We are forever tethered to our mobile devices. All research leads to smartphones reaching or exceeding 50% of the market by the end of the year, writes Jason Heller for MediaPost.
The prospect of engaging consumers with rich brand or product experiences that provide utility, facilitate discovery, commerce and social sharing on demand, while on the go or near point-of-sale, is powerful. QR codes are appearing everywhere from product tags in retail, to out-of-home ads, direct mail and catalogs, and the windows of local businesses on Main Street USA.
Unfortunately, most executions, well … suck
Many marketers and agencies get caught up in the technology, making the QR code a tactic in search of a strategy. Success with QR codes is predicated on developing clear objectives and a strategy that aligns with consumers’ mobile usage, and provides a reason for consumers to engage with you. Why is that such a foreign concept to some marketers?
To complicate matters, we are still in a long-drawn-out, chicken-and-egg phase of consumer scanning. The initial experiences that consumers have with scanning will begin to shape their expectations and excitement, or lack thereof. Comparison-shopping by scanning UPC codes is already a popular behavior, which is a perfect precursor for scanning as a point of additional engagement.
Hurdles – real or perceived?
Granted, in order to scan, consumers have to download an app, a process not ideally streamlined. But in reality, consumers are savvy and download billions of apps. We just need to provide consumers with great experiences and reasons to be excited and share the experiences with others. While it’s a shame that exponentially more consumers have played “Angry Birds” than scanned a QR code, it’s important to remember that mobile barcodes are a response mechanism — just another way for consumers to choose to engage with us.
Scanning by the numbers
There is a distinct void of mobile barcode market research that normally supports the growth of a market and fosters adoption among marketers. So I commenced my quest to try and estimate the size of the market. Thanks to David Javitch, vice president of marketing at ScanBuy, arguably the largest QR code provider, for providing enough data for me to make some directional estimates. A new data report will be available later this week.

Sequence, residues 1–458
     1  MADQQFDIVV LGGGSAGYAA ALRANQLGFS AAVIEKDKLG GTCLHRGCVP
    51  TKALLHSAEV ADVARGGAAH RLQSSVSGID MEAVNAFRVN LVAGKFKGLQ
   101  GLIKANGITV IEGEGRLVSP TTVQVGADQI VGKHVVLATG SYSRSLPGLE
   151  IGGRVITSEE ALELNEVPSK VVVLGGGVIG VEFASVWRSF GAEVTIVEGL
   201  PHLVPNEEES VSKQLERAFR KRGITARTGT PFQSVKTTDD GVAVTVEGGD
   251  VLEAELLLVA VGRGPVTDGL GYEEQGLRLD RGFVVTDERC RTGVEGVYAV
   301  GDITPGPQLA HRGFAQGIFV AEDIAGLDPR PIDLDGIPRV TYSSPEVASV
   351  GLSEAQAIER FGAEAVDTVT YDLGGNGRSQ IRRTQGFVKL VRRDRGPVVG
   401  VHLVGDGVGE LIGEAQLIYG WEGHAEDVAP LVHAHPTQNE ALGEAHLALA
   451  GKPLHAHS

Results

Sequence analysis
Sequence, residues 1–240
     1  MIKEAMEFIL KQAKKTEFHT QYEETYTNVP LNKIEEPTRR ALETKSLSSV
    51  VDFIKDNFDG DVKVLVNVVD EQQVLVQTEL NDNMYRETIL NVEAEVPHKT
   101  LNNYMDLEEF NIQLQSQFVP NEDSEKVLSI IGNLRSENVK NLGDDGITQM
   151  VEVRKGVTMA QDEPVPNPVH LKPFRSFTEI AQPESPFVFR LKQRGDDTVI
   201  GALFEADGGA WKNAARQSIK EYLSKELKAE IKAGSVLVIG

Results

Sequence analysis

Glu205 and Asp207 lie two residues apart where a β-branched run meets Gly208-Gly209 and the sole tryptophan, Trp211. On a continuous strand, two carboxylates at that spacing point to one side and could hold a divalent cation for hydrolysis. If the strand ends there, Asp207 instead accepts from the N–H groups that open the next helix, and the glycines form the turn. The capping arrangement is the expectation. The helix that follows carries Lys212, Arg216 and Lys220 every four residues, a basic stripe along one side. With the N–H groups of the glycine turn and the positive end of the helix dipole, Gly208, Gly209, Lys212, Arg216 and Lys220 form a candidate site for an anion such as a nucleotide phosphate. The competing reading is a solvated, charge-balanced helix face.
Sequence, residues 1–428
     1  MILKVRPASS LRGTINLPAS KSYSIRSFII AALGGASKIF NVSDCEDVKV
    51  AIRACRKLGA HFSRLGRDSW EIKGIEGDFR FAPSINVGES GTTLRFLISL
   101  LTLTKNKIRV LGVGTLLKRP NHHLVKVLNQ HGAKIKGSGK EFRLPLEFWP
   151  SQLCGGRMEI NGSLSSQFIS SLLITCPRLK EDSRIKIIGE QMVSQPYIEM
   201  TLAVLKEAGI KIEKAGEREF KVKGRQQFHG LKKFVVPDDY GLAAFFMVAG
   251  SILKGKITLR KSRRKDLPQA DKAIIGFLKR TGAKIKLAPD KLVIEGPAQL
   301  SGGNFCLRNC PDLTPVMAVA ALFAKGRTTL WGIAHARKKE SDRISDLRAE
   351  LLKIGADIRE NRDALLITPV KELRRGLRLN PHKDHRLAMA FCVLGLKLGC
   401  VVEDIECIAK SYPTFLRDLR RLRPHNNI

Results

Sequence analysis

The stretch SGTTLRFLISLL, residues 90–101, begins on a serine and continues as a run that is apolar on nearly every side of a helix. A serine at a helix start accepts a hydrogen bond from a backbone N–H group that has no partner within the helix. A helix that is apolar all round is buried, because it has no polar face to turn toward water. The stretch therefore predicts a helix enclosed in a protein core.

There are an estimated 45 million installed apps that have scanning capabilities. The majority of these apps are not natively QR code readers, but barcode scanners that evolved from comparison shopping scanner apps like Google Shopper, Amazon, eBay’s Red Laser and Shop Savvy, in addition to scanners that are built into branded apps. An estimated 25% of installed apps are actively used.
Scanbuy is reporting: Between 2 – 4 million active monthly users. Of course there is no standard definition of “active,” but it’s great to finally see an active number even if undefined.
· An estimated market share of about 20%. So we can estimate the overall market to be roughly 10 million consumers scanning monthly. That number jives with the estimate of approximately 25% active usage of all scanning apps.
· More than a scan per second, up from ten scans per minute a year ago. I’ll save you the math — that’s over 2.6 million scans per month and a 600% increase year over year. Scanbuy also sees over 420 000 product UPC scans monthly. That’s a big number for a product that wasn’t initially intended for UPC scanning.
· Over 45 000 codes created last quarter. That’s a lot of potential rich content and engagement — or disappointing experiences. Hope for the former!
Big brands putting skin in the game
While many marketers experiment by integrating QR codes as part of existing marketing creative, several pioneering brands are diving in deep enough to really determine the best ways to engage with mobile consumers.
Best Buy and Home Depot have both rolled out QR codes in a big way as part of their product tags, augmenting the in-store shopping experience. Frito-Lay just rolled out an implementation that utilizes existing UPC barcodes to trigger the same rich experiences that previously were the realm of the QR code. A call to action on packaging and a social media campaign will promote the program. The use of a UPC code in this manner is interesting and makes a lot of sense.
In the longer term, near-field communication (NFC) will become a common mechanism for mobile response, engagement and commerce that will augment and maybe even displace mobile barcode scanning. In the interim, let’s be committed to providing consumers with worthwhile experiences, and we’ll continue to see exponential increases in mobile barcode scanning.
Jason Heller is CEO of AGILITI, a consulting firm focused solely on client-side digital marketing operations management, helping clients foster productive relationships with their agencies and empowering clients to take control of their digital strategy. Follow him at @JasonHeller.
This article republished by kind permission of www.mediapost.com //www.mediapost.com
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